Wednesday, January 15, 2014
Driving around the Hood River Valley in winter, it is easy to notice a lot of damaged pastures and livestock standing hoof-deep in mud. This time of year we tend to accept mud as a fact of life, but it doesn’t have to be that way. You can avoid most mud problems by taking a few steps to manage the soil and water on your land.
Mud happens when soils become saturated by winter rains and hooves or equipment mix the top layers of soil with manure and water. Animals and equipment allowed on wet soils compact the lower layers, reducing the ability of the soil to absorb water.
Mud poses much more risk than simply being a nuisance. Animals standing or walking through mud can be exposed to foot and other health problems. These moist areas are breeding grounds for bacteria, flies, and other parasites. The areas that were mud in the winter will turn to dust in the dry summer months.
Mud is also damaging to the environment. Runoff of sediment contaminates surface water and is detrimental to fish and aquatic wildlife. Runoff also means you have lost precious topsoil that supports a healthy pasture and flourishing plants.
n Begin by removing livestock from pastures, and confine them to a holding area, paddock or corral during wet winter months. Careful consideration should be given to the location of these livestock holding areas. Choose a well-drained area away from existing streams, ponds or other clean water. Gravel, sand, woodchips or other paddock footings can be used to keep mud from forming in these areas.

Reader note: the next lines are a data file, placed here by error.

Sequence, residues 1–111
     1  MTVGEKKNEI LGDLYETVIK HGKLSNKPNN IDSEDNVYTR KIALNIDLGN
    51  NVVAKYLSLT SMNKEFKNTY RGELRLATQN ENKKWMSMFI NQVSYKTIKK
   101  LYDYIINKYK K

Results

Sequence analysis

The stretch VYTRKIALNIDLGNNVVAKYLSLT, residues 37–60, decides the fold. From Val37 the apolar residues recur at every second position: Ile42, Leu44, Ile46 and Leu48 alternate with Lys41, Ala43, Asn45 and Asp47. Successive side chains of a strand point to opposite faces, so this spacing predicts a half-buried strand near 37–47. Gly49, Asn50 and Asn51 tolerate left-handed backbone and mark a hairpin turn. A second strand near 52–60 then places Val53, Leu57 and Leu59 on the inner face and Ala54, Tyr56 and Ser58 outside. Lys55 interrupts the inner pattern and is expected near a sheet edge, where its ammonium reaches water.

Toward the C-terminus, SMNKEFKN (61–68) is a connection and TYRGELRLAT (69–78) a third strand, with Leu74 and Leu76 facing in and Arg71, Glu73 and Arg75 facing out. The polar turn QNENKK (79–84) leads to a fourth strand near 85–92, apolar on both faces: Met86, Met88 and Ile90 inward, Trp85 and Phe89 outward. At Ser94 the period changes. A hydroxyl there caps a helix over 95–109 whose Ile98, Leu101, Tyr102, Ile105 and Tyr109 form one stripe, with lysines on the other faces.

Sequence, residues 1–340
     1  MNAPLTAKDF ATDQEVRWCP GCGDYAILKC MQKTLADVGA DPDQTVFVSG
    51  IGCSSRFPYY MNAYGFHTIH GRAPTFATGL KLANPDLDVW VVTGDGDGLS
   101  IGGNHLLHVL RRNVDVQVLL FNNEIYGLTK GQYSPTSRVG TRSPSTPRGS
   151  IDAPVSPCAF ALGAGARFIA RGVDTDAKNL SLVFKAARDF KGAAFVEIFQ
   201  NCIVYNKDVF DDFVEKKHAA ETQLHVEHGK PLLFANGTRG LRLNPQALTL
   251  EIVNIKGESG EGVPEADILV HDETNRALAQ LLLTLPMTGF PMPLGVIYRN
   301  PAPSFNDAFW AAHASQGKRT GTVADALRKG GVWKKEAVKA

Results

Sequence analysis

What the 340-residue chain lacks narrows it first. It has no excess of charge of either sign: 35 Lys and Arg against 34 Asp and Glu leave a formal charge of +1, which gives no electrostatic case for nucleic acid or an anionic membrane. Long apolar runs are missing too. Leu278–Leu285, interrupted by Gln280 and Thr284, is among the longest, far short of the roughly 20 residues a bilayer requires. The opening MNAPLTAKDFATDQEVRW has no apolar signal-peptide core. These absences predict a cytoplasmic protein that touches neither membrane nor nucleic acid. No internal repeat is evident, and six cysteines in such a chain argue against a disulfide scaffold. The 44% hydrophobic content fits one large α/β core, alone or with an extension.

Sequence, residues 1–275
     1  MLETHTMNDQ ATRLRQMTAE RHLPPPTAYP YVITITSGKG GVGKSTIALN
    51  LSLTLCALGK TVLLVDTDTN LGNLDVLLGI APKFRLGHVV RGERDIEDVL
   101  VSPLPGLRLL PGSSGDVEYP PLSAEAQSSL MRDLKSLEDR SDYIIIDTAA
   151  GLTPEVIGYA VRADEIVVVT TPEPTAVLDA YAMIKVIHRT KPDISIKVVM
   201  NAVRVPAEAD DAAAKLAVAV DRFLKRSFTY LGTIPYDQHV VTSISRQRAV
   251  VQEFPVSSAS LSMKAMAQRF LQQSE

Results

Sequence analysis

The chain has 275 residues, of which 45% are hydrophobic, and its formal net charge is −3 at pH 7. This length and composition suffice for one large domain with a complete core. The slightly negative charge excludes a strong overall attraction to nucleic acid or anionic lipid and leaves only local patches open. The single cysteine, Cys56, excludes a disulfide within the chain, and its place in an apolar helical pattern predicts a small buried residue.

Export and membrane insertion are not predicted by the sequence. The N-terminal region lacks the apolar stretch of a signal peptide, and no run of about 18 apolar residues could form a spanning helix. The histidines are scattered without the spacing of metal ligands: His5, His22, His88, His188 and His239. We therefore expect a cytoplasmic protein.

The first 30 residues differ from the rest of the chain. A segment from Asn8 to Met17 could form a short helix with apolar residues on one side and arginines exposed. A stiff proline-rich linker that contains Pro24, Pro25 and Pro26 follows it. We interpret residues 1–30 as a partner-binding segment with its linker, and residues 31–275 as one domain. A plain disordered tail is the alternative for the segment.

n Install gutters and downspouts on all structures on your property, including barns and sheds. A 1-inch rainstorm on a 30-by-30-foot roof can produce upwards of 558 gallons of water. Use your downspouts to direct clean roof runoff into ditches or heavily vegetated areas. This will prevent clean water from picking up pollutants and minimize soil erosion and mud around structures.
n Cover manure and soil piles as well as areas of ground that are not vegetated. By simply tossing a tarp over these mud-producing areas, you can avoid potentially sticky situations. A tarp-covered manure pile will protect water quality by not leaching nutrients into surface or groundwater.
n Plant native vegetation as a buffer for runoff in the wet areas of your property. Vegetation reduces mud in several ways. Raindrops will be slowed down by the foliage, reducing the water’s ability to erode the soil. Roots of the plants will also hold soil in place and slow water down allowing the ground to absorb more water and reduce runoff. Conifers will continue to uptake water throughout the winter months, minimizing the amount available to run off.
Clean water, less mud, and healthier livestock are the result of following these simple management practices. Please join the effort to keep our creeks, rivers and streams healthy.
There is plenty more you can do to improve the soil and water health on your property and technical assistance and supplemental funding is available. For more information, contact your Hood River Soil and Water Conservation District at 541-386-4588 or email@example.com.
— Submitted by Kris Schaedel on behalf of Hood River Soil and Water Conservation District.
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Lawnmower torches Arbor Vitae on Portland Drive
The riding lawn mower driven by Norma Cannon overheated and made contact with dry arbor vitae owned by Lee and Norma Curtis, sending more than a dozen of the tightly-packed trees up in flames. The mower, visible at far right, was totaled. No one was injured; neighbors first kept the fire at bay with garden hoses and Westside and Hood River Fire Departments responded and doused the fire before it reached any structures. Westside Fire chief Jim Trammell, in blue shirt, directs firefighters. The video was taken by Capt. Dave Smith of Hood River Fire Department. Enlarge